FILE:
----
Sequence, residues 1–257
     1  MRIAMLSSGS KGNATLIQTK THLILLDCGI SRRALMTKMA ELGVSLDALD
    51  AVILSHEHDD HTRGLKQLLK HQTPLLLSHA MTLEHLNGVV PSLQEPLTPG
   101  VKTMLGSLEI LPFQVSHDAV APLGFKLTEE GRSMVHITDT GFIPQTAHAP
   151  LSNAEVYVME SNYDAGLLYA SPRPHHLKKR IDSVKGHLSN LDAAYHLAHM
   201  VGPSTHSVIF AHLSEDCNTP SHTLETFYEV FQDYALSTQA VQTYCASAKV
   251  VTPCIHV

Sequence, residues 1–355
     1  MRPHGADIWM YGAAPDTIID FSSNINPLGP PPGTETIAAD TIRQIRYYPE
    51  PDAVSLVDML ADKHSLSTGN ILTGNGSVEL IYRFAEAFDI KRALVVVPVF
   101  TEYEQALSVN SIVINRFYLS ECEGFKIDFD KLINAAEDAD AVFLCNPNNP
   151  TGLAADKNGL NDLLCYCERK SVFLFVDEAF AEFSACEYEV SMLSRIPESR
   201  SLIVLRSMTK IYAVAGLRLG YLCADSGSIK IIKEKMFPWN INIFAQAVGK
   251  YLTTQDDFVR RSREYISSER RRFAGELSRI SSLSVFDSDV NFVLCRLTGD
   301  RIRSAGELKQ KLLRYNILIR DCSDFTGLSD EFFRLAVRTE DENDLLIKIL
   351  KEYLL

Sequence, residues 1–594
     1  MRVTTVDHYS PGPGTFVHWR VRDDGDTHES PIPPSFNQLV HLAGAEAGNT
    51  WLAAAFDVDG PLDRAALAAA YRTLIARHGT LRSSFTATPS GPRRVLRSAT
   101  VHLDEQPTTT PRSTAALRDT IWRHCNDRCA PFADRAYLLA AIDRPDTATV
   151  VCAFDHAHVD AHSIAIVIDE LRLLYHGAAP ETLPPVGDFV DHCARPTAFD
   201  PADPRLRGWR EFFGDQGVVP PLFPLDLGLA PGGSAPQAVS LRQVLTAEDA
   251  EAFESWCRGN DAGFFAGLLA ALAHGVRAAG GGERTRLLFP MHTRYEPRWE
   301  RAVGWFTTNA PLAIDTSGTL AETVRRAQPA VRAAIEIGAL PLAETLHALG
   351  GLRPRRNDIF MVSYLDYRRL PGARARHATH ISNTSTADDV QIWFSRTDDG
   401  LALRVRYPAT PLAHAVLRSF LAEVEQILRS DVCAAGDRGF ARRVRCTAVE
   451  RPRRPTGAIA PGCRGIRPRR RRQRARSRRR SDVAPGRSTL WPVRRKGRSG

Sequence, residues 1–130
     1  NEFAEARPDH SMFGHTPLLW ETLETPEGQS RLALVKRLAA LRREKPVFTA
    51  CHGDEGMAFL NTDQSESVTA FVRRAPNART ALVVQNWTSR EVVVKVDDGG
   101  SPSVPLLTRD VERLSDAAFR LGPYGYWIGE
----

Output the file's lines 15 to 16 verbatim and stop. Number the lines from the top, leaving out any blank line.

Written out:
   301  RIRSAGELKQ KLLRYNILIR DCSDFTGLSD EFFRLAVRTE DENDLLIKIL
   351  KEYLL